In short, Benning has failed to establish a clear direction for his team. Unable to commit to a full rebuild, Benning’s indecisive nature has positioned the Canucks in a state of flux with no glaring route to redemption. Unless Benning can set a concrete course for the franchise and make the moves necessary for success, Vancouver could very well find itself as a perennial pretender rather than a legitimate contender for the foreseeable future – and, perhaps, in search of a new GM.
Marc Bergevin: Contentious Choices
Hired: May 2nd, 2012
Team Record as GM: 210-128-38 (376 GP); 19-21 in Playoffs
Although Marc Bergevin has, in fact, enjoyed tremendous success during his tenure as GM of the Montreal Canadiens, his time spent crafting the team has held its fair share of formidable challenges and, consequently, has resulted in some questionable decisions.
Despite reaching the playoffs on four of five occasions since taking on the position, Bergevin’s Canadiens have failed to achieve a significant breakthrough on the ice. What’s more is that now, the team appears to be trending in the wrong direction. Although the club reached the Eastern Conference Finals in 2013-14, they have since fallen in both the second and first rounds, while missing the postseason entirely in 2015-16.
Plagued by an inconsistent offence, thin defence, and a lack of promising young prospects, Bergevin has made a number of decisions of late which has left many questioning his intentions. It all began with the blockbuster trade which sent P.K. Subban to the Nashville Predators in exchange for Shea Weber. Although Bergevin sacrificed both age and flair in order to nab Weber, trading away a fan favourite and player invested in the city of Montreal did not sit particularly well with the great many engaged in the franchise.
More recently, Bergevin, clearly hoping to improve his mediocre offence, traded his best defence prospect — Mikhail Sergachev — to the Tampa Bay Lightning in exchange for Jonathan Drouin. Although the deal added an incredible homegrown talent to the Canadiens’ roster, it also exacerbated an already major area of weakness within the franchise. With an incredibly thin blue line in hand, Bergevin’s decision to deal Sergachev made little sense from an organizational perspective and will surely impact Montreal defensively long into the future.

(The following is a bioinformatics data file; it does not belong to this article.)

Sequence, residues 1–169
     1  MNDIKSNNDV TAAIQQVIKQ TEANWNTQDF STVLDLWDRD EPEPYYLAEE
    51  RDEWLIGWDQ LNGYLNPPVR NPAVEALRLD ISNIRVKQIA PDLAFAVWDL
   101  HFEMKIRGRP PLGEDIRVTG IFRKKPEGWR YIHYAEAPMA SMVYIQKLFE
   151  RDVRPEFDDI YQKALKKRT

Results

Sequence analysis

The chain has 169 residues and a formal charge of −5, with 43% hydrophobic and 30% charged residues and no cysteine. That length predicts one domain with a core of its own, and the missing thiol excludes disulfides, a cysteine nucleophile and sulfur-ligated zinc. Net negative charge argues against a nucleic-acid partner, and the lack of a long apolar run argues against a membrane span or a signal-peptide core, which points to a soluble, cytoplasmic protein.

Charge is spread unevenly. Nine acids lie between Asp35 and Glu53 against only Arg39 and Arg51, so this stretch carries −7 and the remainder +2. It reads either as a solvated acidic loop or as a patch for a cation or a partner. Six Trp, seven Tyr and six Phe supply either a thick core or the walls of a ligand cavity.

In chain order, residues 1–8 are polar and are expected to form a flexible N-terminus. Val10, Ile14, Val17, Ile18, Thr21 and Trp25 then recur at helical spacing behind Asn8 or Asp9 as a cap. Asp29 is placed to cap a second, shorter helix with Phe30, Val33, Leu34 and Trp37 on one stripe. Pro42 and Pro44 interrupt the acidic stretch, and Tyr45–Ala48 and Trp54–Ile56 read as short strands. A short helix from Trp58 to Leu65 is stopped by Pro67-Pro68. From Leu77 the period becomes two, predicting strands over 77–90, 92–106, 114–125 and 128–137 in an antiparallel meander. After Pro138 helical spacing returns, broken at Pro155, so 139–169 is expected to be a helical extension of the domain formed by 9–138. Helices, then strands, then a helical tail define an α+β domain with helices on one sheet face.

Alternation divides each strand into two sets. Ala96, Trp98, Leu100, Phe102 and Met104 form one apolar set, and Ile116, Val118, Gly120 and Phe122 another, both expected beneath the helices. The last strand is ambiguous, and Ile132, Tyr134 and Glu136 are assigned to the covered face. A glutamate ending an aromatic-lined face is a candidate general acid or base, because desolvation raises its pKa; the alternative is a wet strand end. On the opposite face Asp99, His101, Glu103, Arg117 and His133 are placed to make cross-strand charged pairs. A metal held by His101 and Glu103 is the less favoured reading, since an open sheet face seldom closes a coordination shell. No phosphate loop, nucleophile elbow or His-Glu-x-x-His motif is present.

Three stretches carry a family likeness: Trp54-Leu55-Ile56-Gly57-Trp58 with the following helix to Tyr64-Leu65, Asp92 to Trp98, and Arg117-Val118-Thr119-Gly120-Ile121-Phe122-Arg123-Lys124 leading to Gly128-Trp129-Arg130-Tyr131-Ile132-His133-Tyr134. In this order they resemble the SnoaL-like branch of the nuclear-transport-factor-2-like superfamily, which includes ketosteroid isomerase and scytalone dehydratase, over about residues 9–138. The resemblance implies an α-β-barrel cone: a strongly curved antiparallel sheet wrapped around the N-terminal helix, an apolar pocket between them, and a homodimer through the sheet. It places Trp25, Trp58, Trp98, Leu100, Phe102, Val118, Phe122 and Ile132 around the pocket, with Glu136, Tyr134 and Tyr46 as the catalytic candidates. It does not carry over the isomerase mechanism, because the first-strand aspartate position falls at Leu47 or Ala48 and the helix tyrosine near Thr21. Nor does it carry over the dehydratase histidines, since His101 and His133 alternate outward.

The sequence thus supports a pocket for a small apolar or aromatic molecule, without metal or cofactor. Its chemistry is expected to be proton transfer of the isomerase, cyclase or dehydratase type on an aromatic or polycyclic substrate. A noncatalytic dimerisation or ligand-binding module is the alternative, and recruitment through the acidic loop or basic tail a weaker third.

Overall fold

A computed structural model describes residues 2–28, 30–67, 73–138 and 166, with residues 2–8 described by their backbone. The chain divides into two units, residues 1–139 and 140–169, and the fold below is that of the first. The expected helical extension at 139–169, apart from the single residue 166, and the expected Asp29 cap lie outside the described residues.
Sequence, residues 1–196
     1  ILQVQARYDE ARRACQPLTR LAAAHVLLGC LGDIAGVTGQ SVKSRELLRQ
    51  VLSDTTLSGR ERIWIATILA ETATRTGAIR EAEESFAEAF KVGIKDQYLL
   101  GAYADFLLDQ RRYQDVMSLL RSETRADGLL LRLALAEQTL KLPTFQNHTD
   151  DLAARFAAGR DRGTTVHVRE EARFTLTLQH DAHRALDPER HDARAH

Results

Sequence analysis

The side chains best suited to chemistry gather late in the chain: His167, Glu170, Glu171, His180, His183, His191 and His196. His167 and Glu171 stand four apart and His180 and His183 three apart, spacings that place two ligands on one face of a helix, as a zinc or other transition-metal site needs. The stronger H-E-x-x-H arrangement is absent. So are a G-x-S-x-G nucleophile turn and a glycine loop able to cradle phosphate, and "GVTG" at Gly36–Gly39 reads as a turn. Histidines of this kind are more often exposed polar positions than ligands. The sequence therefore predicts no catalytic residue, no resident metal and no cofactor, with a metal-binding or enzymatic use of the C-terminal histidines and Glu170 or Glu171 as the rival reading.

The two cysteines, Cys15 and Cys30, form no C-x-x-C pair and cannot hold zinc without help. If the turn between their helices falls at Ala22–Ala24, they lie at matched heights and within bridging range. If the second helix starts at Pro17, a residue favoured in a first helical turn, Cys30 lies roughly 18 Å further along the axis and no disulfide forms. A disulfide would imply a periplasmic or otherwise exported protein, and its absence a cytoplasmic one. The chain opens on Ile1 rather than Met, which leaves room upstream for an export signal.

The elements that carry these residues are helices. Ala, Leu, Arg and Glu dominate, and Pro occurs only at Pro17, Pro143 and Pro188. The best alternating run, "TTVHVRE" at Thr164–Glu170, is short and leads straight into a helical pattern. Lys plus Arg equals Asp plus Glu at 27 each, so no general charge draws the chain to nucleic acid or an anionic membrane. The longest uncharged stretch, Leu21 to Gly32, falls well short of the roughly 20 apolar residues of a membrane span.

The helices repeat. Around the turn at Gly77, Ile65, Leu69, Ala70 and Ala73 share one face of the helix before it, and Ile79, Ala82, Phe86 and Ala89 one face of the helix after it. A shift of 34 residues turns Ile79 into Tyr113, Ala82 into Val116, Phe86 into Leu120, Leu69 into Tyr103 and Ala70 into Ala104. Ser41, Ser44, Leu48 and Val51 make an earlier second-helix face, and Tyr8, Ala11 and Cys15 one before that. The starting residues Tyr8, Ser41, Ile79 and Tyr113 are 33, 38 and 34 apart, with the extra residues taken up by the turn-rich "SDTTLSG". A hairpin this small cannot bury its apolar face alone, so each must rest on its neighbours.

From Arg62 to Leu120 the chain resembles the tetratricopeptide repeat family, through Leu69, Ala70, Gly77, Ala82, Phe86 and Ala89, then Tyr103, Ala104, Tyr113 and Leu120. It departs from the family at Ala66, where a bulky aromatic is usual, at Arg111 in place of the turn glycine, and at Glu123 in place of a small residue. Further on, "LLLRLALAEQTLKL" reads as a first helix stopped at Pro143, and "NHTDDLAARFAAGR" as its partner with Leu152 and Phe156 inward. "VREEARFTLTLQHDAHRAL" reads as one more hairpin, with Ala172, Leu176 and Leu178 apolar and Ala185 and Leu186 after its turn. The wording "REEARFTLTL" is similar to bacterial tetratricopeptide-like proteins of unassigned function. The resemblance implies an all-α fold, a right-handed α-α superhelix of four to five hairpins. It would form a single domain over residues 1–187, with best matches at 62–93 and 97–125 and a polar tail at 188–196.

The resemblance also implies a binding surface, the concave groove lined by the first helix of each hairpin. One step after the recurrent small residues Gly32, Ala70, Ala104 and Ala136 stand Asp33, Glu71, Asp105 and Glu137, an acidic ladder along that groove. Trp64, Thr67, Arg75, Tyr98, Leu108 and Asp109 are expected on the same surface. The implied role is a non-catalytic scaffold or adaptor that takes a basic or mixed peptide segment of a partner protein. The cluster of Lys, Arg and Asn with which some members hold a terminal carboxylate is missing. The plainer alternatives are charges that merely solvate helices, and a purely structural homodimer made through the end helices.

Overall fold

Further, just when it appeared as though Bergevin was done tinkering with his team ahead of the 2017-18 campaign, he traded away yet another young defenceman. As one of the Canadiens’ better young defenders, Nathan Beaulieu was an asset drafted and developed by the team who had begun to truly establish himself at the NHL level of late. Averaging nearly 20:00 of ice time per contest this past season in addition to achieving new career-highs in both goals and points, dealing Beaulieu to the Buffalo Sabres – as well as the loss of Alexei Emelin to Vegas — further degraded the team’s back-end and forced Bergevin to scour the free agent market for veteran replacements.
Through these three trades alone, Bergevin has struggled to establish a distinct direction and identity for his team. With a clear need for offence, Bergevin chose to sacrifice the relative well-being of his defence — and its future — in order to make the changes he deemed necessary. In possession of a team with little depth on offence as well as defence, Bergevin’s willingness to trade his most valuable prospect as well as those in good standing with the team has led to a great deal of confusion.
Although the Canadiens will surely be a competitive team in 2017-18, they will now face a greater diversity of problems in comparison to a mere year ago. Lacking considerable depth and skill at virtually every position on the ice outside of the goal, Montreal faces an uncertain and surely difficult future ahead as a result of a number of Bergevin’s questionable decisions. With a veteran offensive-core in place and a number of band-aid solutions on defence, exactly how the Canadiens will be able to maintain their recent level of excellence remains unknown.
Joe Sakic: Paltry Progress
Hired: Sept. 19th, 2014
Team Record as GM: 100-126-20 (246 GP)
To say that the Colorado Avalanche struggled in 2016-17 would be a massive understatement.